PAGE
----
As a heavyweight, Joe Frazier was as tough and awe-inspiring as they come. That's why it's hard to listen to him now; both because of the way he speaks, and what he's saying.
HBO rolls out its Joe Frazier documentary, Thrilla In Manilla, on Saturday, and I hear it's pretty good. Frazier has been doing publicity for it, such as this interview with the Associated Press where he says, in effect, that Muhammad Ali's bout with Parkinson's Disease was a judgment from God. No, he really does not like the man, even today.
"I'm sorry that he is the way he is, but I didn't have too much to do with it. It was the good man above,'' Frazier said. "Maybe I did have a little to do with it, but God judges, you know what I'm saying? We don't have the power to judge that the man has above.''
Frazier believes that Ali's arrogant boasts of "I am the greatest!'' were "a slap in the Lord's face,'' and that he did the same to his family when he changed his name from Cassius Clay to reflect his Muslim beliefs.
"I respect him as a guy who did a fine job in the fight game,'' Frazier said. "I don't think he really loves me. I didn't like nothing he done, you know?''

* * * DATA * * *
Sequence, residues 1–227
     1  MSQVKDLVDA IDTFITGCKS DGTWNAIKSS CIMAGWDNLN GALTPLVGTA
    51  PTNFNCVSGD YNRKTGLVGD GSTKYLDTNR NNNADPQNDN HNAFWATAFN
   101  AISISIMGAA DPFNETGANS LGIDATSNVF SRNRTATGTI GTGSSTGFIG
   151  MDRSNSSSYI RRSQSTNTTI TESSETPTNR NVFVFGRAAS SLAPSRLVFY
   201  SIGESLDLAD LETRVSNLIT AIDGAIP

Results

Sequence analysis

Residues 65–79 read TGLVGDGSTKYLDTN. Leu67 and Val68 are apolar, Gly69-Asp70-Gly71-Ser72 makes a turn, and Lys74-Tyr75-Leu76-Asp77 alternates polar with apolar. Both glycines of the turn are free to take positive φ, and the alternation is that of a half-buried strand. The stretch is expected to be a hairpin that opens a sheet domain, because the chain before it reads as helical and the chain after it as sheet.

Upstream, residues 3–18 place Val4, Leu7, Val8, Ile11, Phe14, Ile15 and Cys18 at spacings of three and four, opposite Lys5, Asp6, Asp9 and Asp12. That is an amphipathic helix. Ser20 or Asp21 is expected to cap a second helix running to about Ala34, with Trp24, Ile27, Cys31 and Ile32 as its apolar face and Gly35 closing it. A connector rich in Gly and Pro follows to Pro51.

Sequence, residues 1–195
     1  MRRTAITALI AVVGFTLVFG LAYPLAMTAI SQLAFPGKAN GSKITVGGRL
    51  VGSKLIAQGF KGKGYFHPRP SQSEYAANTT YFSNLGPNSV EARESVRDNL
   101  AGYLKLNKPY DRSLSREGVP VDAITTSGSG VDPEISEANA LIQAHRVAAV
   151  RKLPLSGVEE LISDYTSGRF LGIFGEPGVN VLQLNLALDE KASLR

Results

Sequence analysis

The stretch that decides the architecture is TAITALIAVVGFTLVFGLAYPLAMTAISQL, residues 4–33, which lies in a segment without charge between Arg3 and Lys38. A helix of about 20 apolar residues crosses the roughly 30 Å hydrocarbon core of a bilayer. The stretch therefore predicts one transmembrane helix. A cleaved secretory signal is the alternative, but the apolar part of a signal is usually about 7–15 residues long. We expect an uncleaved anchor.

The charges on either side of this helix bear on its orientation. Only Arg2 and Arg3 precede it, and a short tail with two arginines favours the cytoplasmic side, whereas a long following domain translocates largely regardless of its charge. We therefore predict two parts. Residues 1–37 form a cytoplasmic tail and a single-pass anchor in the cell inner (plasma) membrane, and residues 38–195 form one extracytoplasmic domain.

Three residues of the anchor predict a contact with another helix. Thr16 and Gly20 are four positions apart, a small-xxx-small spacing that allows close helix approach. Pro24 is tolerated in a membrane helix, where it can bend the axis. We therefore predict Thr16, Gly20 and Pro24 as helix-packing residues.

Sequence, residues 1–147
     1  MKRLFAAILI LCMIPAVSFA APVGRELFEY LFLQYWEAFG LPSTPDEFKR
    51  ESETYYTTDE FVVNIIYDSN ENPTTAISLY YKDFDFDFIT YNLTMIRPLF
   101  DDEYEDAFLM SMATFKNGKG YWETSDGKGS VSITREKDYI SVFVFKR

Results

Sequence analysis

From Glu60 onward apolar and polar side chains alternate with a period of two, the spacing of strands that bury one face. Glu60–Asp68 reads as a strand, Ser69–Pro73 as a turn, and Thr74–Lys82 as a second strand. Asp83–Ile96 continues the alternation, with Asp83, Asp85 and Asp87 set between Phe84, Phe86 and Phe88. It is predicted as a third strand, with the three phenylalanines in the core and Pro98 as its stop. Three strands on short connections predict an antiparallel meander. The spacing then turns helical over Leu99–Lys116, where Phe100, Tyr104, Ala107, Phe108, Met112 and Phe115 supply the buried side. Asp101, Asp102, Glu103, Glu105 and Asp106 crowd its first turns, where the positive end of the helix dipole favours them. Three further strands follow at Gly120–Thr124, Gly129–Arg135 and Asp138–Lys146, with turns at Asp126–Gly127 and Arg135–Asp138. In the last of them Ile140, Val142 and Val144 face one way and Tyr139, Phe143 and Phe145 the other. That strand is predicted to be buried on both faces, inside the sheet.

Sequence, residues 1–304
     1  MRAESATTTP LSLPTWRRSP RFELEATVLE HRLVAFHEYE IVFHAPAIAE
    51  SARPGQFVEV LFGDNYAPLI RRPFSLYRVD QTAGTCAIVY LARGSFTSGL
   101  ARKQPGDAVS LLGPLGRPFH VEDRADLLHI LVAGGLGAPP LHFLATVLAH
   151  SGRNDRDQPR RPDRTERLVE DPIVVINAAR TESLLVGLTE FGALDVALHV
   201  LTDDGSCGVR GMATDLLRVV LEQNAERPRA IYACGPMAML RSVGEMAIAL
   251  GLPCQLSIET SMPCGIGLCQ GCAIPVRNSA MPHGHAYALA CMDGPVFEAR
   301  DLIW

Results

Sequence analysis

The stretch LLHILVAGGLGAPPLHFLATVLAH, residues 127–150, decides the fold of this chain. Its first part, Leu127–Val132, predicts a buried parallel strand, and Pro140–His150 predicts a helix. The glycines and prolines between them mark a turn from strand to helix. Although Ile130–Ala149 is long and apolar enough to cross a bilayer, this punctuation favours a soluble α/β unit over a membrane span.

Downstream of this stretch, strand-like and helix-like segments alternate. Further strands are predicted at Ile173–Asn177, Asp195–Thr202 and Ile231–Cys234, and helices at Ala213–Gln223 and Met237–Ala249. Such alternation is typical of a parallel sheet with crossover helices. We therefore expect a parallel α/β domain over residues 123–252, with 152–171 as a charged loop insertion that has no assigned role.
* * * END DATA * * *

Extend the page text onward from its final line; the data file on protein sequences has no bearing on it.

As sad as that line of thinking is, it's even sadder to listen to Frazier talk these days. He's had his own health problems, and knocking heads with Ali in that famed fight trilogy didn't help. From the Boomer Esiason and Craig Carton show on WFAN in New York, Frazier on Ali:
"He called me a Tom, he called me a gorilla, but that didn't stop from living and doing my thing. My job was to go out there and get the job done and show him what kind of man I was. I helped this guy along the way, I helped him get his license to fight again and he didn't appreciate it."
For those hoping for some sort of a reconciliation, well, that seems a long way off.
AP Interview: Joe Frazier Still Simmering Over Ali [NBC Sports]
If You Don't Think Punch Drunk Is A Real Term, Listen To Joe Frazier [Sports Radio Interviews]